05 August 2005

Police accused in wake of rioting


05/08/2005 - 09:16:50

Police were probing allegations that officers acted in a heavy-handed manner during raids on loyalist homes in Belfast prior to serious rioting, a senior officer confirmed today.

Forty police officers were injured during clashes with angry loyalists in the Crumlin Road and Woodvale areas which resulted in 11 plastic baton rounds being fired.

None of the police officers’ injuries were life-threatening.

Residents blamed police behaviour during raids earlier in the day connected to a probe into a loyalist paramilitary feud, claiming officers used abusive language towards children.

The disturbances flared around 5.30pm yesterday with three cars and a lorry being hijacked and set alight.

A blast bomb was thrown at police lines at around 10pm, while a bus was completely destroyed and other vehicles were damaged. A HGV cab was also driven at police lines. Officers also came under fire from petrol and paint bombs as well as fireworks.

Earlier six people were arrested as officers raided a total of 15 homes in connection with their probe into a feud between the Ulster Volunteer Force and its rival, the Loyalist Volunteer Force which has claimed the lives of three people.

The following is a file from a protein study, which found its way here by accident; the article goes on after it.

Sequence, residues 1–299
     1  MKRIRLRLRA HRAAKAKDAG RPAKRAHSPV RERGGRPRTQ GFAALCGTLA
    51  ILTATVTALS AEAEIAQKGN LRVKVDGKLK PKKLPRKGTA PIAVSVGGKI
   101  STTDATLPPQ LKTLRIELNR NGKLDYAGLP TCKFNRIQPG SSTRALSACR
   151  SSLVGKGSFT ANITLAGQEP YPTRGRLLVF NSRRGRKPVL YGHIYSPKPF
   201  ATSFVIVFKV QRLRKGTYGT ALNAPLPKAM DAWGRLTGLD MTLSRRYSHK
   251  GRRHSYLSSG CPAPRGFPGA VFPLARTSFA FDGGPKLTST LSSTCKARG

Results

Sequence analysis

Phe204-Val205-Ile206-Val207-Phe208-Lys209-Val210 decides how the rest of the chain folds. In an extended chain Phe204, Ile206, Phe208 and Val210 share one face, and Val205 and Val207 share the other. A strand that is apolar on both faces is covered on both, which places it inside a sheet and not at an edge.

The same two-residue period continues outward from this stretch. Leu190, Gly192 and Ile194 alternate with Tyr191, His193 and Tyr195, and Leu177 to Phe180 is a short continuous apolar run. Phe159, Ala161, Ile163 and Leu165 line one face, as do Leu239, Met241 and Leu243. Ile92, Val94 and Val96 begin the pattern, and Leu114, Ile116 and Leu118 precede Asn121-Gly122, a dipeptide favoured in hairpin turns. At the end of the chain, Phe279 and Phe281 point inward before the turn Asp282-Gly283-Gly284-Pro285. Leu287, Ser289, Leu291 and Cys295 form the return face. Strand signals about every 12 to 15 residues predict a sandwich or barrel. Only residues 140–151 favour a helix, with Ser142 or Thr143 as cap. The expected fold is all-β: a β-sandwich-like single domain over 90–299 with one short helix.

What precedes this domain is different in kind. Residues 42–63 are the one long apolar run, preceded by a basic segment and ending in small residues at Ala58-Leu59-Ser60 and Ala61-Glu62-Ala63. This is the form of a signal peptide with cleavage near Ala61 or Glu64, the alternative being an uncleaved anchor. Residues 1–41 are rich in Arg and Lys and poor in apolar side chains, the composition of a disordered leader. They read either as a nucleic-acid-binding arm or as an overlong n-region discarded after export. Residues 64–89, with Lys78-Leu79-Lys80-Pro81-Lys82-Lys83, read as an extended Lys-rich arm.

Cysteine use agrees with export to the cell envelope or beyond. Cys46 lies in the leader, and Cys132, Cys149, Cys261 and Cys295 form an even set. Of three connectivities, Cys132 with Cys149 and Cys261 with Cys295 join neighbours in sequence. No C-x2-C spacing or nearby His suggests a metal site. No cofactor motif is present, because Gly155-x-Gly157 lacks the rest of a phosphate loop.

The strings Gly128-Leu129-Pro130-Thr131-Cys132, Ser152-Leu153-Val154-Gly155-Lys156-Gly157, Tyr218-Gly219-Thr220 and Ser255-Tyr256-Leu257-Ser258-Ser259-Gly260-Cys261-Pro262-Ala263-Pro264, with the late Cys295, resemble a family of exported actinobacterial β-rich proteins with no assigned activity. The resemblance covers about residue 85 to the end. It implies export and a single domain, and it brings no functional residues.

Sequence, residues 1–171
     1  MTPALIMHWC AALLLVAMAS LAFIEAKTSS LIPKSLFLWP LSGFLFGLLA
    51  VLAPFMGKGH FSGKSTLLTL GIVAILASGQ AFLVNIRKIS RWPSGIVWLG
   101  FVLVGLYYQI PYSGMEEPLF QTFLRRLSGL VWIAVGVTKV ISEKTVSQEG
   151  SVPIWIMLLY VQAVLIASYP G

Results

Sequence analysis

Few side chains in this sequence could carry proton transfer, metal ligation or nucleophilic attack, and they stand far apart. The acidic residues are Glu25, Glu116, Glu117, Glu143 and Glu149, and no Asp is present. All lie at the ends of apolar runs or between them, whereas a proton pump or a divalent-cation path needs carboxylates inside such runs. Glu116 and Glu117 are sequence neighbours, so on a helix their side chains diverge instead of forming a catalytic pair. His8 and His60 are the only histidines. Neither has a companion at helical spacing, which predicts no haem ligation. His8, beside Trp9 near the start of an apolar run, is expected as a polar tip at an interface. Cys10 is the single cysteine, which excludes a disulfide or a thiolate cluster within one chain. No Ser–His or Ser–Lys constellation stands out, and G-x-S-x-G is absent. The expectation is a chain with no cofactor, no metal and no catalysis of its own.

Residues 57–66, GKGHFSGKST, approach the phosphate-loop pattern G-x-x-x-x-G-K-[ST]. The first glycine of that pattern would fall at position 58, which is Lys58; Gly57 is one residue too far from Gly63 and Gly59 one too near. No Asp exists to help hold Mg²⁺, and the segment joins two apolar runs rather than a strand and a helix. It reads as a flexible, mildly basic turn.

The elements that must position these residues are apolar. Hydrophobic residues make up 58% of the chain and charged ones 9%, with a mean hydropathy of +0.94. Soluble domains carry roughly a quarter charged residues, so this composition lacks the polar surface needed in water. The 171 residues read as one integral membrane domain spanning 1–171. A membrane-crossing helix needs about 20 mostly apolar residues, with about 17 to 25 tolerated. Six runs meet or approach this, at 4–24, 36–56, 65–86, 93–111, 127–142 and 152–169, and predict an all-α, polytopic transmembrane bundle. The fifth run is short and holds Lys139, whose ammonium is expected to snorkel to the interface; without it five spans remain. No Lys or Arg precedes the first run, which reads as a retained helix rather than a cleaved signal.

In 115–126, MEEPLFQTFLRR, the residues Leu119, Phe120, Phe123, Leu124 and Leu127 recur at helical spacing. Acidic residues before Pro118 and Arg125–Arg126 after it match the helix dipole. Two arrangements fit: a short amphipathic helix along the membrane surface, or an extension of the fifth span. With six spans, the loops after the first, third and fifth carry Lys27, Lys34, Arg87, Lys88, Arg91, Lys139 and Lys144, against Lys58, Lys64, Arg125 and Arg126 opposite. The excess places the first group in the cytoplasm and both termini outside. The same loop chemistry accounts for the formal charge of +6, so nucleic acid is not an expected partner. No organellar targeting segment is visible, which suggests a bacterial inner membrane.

Democratic Unionist councillor William Humphrey expressed concern about police conduct during yesterday’s raids.

“We have raised the behaviour of some officers which I witnessed yesterday with senior officers,” he said. “We want to see community relations being built in this community and not destroyed.”

Acting Assistant Chief Constable Wesley Wilson said any allegations against officers would be investigated.

“I know that there have been allegations of heavy-handedness by people,” he said. “The allegations made to the District Commander of North Belfast will be investigated and there are procedures for doing that.”

However he said the allegations still did not justify last night’s rioting.

Although there was no direct evidence that loyalist paramilitaries were directing the violence, the acting ACC said it was reasonable to suspect the Ulster Volunteer Force orchestrated last night’s disturbances.

“These people had wheelie bins full of bricks and bottles, they had so many petrol bombs that we actually stopped counting how many were thrown at our officers and blast bombs,” he said.

While no arrests were made, he confirmed police would be reviewing video evidence to identify those involved.

Northern Ireland Office minister David Hanson condemned last night’s rioting.

“Once again it is loyalist paramilitaries who have brought violence into loyalist areas,” he said.

“The Police Service of Northern Ireland will protect the whole community and must have the support of the whole community. Those with influence must use to bring an end to this self-destructive violence.”

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